Intraoperative transoral ultrasound
During general anesthesia and prior to panendoscopy, ITUS will be performed while a consultant head & neck surgeon performing panendoscopy is blinded. A Fujifilm Arietta 850 or Arietta 65 (Fujifilm, Tokyo, Japan), BK5000 (BK Medical ApS, Herlev, Denmark), or Samsung RS85 (Samsung Medison, Seoul, South Korea) ultrasound machines will be used. Small-footprint, high-frequency transducers such as the Arietta L51K linear-array intraoperative robot transducer attached to a forceps, the BK5000 "flexible hockey-stick" 18XL5s, or the Samsung RS85 LA3-22AI "hockeystick" will be used. A Boyle-Davis gag or laryngoscope will be used to visualize the tonsils (Figure 1), while the transducer is placed onto each tonsil in transverse and sagittal planes. The tongue base will be scanned by pulling the tongue anteriorly by an assistant and placing the transducer directly onto the tongue base. Alternatively, the tongue can be retracted with a video-laryngoscope while revealing the tongue base. The tongue base will be scanned from side to side in the sagittal plane. The tongue can then be pulled to either the left or right side to angle the probe obliquely for transverse imaging. If a tumor is suspected, the tumor location is registered in the following categories, including indication of right or left side:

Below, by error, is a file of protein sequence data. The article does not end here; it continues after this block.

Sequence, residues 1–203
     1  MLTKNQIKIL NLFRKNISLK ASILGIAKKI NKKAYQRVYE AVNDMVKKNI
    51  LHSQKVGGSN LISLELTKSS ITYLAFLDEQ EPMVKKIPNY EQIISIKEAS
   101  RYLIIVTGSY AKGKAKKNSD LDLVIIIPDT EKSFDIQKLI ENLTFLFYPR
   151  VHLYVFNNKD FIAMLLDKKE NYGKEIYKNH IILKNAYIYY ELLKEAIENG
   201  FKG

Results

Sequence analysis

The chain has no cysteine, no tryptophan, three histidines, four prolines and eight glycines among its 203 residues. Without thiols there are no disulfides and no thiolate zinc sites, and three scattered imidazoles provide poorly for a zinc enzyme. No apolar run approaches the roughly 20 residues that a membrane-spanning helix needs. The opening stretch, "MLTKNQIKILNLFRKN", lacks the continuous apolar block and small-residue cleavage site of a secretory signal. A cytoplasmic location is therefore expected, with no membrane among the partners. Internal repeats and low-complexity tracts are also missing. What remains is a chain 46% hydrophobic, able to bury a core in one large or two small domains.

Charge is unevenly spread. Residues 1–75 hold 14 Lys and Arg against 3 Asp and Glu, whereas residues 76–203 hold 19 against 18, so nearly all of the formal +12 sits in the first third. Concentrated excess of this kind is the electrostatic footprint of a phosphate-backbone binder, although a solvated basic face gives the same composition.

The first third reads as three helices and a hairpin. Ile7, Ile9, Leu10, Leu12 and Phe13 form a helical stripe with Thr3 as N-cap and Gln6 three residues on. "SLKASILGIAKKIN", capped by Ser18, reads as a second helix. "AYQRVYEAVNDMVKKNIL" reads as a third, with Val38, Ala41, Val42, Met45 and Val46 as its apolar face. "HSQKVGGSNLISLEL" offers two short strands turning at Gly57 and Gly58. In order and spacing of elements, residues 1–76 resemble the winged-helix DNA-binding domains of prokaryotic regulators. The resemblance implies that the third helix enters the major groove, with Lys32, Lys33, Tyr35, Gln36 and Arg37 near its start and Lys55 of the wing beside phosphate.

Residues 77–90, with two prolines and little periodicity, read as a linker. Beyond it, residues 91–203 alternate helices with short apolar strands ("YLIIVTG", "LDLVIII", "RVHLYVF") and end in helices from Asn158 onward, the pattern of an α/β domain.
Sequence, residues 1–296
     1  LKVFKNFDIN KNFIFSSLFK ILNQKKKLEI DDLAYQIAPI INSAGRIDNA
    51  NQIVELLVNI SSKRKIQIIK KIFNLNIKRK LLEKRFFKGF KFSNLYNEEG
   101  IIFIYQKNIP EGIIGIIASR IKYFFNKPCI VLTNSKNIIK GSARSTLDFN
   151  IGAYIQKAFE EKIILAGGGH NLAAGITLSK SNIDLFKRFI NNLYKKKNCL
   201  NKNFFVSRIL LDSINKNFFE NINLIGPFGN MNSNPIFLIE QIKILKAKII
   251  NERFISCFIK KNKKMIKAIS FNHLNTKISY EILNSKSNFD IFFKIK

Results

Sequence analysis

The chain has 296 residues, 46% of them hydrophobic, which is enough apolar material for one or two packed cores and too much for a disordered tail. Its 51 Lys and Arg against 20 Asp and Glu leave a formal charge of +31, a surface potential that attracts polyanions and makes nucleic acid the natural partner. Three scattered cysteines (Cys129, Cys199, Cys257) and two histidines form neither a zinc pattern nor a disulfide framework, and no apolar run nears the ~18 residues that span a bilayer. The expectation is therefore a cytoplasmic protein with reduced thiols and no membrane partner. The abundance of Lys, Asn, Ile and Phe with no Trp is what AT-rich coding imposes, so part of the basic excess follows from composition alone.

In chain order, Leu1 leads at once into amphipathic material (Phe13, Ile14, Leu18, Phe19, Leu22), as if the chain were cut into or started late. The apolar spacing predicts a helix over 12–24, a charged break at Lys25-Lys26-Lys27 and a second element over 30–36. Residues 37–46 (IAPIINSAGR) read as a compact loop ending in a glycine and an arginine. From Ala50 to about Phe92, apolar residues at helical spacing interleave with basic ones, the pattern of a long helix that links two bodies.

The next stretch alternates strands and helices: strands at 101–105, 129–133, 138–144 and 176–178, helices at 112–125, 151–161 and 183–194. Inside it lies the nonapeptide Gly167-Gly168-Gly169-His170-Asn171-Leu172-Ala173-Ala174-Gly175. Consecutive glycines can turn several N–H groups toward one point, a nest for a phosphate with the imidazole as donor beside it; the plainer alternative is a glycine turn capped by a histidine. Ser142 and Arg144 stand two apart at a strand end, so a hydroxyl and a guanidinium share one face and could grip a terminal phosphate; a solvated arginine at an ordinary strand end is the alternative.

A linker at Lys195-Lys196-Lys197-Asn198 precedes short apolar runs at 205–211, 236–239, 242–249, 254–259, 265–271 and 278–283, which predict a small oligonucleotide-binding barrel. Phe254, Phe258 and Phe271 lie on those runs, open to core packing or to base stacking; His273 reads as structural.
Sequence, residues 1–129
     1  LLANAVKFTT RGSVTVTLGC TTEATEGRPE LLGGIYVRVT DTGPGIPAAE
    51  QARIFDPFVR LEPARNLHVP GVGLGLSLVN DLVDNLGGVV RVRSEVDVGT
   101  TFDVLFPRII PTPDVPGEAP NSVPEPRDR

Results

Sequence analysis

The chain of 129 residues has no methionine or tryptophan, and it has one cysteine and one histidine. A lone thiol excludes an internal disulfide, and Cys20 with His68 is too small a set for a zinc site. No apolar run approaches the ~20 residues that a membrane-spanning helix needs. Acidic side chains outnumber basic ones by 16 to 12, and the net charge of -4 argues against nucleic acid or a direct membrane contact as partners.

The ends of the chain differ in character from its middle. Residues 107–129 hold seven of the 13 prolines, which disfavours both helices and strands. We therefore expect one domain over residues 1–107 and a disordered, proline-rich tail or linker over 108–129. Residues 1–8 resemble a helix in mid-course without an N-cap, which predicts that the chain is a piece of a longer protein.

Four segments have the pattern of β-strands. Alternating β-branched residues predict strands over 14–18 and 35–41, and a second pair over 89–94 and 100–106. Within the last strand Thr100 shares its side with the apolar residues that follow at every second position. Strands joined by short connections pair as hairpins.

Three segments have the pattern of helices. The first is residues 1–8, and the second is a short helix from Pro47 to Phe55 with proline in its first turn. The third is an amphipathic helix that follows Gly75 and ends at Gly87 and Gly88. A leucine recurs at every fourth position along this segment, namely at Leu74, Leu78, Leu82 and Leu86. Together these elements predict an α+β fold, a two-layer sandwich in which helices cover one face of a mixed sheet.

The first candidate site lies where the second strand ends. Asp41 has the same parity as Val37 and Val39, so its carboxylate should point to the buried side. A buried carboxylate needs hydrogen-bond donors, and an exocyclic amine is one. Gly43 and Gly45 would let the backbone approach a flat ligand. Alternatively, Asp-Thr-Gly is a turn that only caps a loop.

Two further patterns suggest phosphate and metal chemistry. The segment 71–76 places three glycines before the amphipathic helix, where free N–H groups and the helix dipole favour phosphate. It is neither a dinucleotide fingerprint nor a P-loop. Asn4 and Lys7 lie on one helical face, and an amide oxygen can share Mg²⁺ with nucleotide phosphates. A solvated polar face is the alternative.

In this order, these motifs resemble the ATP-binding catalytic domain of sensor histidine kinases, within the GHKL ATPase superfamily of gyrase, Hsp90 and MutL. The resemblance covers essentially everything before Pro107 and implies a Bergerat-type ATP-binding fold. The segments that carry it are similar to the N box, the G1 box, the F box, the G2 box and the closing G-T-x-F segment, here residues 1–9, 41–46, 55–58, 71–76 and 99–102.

Anterolateral tongue base.
Anteromedial tongue base.
Posterolateral tongue base.
Posteromedial tongue base.
"Other" oropharynx sub-locations, including anterior & posterior pharyngeal arches, soft palate, uvula, posterior oropharynx wall, and vallecula.
B-mode video clips of both tonsils and the tongue base will be recorded. Power doppler for suspected tumors and the contralateral side will be performed. If a well-defined lesion is seen, the greatest tumor diameter and if possible, three-dimensional size is measured. The grade of tumor suspicion will be rated on a 5-point Likert scale ranging from 0 (very low) to 5 (very high).